All three components of the triathlon has to be done with the same guide and if is competitively, the guide has to be female. “I race with a few woman. But I’m fortunate to train with a good mix of people, including Dan with Dare2Tri. I can’t run outside without a guide. I can’t swim without a guide. I can ride a tandem bike without a guide. Any time I want to train outside, I have to train with someone else.”
In terms of triathlons, the Chicago Tri, which is obviously local for her, will always be a fan favorite for Eisenmenger. “Nothing beats hauling down Lake Shore Drive without any traffic. It is so fun. Another favorite course is in Sarasota, Florida where the International Triathlon Union (ITU) holds the Continental Championships. “I’ve raced with Team USA there and that course really plays to my strengths as an athlete.”
When it comes to training for triathlons, Eisenmenger likes to equally distribute the four sports (swim, bike, run, and also strength training) throughout the week, meaning she tries to work on each two to three times during the week. “I like to stay busy and triathlon helps me do that.”
Eisenmenger is one in a set of triplets that were born premature, about 13 ½ weeks early. As such, they developed an eye condition called Retinopathy of Prematurity (ROP). “That means the structures in our eyes didn’t have type to develop because we were born so early.
She likes to say that vision loss occurs on a spectrum. “We are a perfect example of that. One sister is able to drive a car and has almost perfect vision with correction. The other is in the middle because she isn’t a braille reader or guide dog user, but does benefit from larger text and some additional assistance. I fall in the more severely side of things. I have no vision in my right eye and can see light and occasional large object in my left eye. I’m a cane user.”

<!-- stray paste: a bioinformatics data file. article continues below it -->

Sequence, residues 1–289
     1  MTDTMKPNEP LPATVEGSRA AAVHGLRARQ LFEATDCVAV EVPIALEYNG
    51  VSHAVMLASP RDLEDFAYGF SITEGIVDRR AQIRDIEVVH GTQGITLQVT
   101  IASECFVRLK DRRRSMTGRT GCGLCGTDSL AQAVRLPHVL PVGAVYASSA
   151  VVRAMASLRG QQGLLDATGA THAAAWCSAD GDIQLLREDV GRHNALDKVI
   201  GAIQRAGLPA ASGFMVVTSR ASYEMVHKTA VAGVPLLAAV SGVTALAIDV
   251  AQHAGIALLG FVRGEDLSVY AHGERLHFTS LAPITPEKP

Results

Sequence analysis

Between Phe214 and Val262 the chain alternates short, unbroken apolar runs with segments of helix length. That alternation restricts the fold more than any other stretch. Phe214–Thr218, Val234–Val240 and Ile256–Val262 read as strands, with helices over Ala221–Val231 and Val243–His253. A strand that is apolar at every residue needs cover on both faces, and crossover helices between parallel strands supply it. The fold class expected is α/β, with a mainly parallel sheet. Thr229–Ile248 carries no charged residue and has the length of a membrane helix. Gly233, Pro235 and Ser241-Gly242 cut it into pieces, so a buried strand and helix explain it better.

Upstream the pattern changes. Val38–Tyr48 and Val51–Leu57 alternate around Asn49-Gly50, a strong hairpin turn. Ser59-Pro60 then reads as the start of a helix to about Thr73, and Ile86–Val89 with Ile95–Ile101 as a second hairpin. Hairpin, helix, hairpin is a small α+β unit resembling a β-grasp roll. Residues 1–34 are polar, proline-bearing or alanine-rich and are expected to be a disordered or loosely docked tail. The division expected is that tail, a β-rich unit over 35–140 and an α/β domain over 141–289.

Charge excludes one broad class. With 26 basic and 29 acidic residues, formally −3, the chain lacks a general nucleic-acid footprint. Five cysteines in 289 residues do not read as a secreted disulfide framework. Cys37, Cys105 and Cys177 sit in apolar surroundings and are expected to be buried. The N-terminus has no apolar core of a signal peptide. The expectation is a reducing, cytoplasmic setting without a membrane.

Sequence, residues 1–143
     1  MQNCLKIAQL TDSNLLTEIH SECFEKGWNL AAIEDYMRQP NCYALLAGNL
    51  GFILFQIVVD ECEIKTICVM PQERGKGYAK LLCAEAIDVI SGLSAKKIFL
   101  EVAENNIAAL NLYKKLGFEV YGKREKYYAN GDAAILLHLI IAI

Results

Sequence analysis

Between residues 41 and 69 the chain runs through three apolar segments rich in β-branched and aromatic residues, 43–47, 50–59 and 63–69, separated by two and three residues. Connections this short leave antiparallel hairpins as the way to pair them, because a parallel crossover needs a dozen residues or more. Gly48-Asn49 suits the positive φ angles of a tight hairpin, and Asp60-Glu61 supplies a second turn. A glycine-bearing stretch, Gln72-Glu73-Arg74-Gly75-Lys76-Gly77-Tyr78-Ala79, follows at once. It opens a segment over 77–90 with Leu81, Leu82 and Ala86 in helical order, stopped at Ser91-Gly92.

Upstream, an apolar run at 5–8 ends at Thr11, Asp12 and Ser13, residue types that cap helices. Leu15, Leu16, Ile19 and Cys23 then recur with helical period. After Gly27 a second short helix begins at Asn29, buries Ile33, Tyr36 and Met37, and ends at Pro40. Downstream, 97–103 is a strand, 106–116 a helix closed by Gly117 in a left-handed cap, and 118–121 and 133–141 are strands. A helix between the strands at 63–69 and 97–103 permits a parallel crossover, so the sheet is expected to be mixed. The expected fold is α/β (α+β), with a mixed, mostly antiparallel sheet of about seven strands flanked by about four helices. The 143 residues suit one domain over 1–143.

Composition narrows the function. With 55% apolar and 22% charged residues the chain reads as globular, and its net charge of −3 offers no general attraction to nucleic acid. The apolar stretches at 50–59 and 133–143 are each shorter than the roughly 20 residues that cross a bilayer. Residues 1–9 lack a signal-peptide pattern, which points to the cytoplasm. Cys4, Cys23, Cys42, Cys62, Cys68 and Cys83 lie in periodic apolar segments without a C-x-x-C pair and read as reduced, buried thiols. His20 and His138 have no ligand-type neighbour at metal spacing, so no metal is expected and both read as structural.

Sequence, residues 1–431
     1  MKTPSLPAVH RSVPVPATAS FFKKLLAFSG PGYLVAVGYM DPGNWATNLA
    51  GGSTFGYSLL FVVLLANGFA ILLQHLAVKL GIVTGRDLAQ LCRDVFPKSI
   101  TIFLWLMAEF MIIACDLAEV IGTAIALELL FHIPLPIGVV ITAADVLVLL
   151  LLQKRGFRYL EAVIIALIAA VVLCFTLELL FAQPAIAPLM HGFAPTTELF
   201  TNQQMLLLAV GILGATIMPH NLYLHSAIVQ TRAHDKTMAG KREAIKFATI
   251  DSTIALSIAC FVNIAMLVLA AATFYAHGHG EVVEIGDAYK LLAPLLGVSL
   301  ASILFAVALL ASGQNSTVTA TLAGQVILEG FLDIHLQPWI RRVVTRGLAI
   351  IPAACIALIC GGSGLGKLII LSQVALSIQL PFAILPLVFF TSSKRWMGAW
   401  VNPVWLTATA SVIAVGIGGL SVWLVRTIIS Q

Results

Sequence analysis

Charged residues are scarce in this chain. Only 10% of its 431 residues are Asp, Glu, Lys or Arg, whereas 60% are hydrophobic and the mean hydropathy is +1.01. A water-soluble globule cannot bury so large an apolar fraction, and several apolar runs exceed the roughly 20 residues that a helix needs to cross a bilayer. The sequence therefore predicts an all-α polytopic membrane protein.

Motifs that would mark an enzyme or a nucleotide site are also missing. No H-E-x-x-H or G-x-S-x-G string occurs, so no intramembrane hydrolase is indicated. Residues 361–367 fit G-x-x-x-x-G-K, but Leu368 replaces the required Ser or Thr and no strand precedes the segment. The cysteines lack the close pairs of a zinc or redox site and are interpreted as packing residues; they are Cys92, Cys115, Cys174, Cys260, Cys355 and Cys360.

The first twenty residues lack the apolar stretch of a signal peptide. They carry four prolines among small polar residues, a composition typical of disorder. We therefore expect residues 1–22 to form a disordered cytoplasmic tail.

Growing up, she could read large fonts but had a drastic drop when she was in the 8th grade. There has been some fluctuation since. “I’m not 100% sure what the outlook is. I take everything day by day. I’m super grateful for the limited vision I do have, but I’m also accustomed to functioning without it.”
Although she has some vision, she identifies as a blind woman. “My vision isn’t functional enough to assist me in seeing in ways that the sighted person next to me would consider helpful,” she said. “It is easier for me to tell people that I’m blind, because I would rather them assume that I could see nothing than assume that I could see some things. It tends to lend itself to an easier flow of interaction.”
In addition to running triathlons, Eisenmenger also coaches other athletes. Not long ago, she was able to get certified as a USAT coach. “I was able to further my education, thanks to Move United, and get certified in coaching para triathlon. I now get to take my lived experience as an athlete with a disability and my professional experience as someone who races fairly well and work with athletes that come to different tri camps.” As camps begin to hopefully resume this year, she is exciting to bring “sport back into people’s lives again.”
Outside of sports, Eisenmenger works for a nonprofit in Chicago called Access Living where she does diversity, equality, and inclusion consulting and training.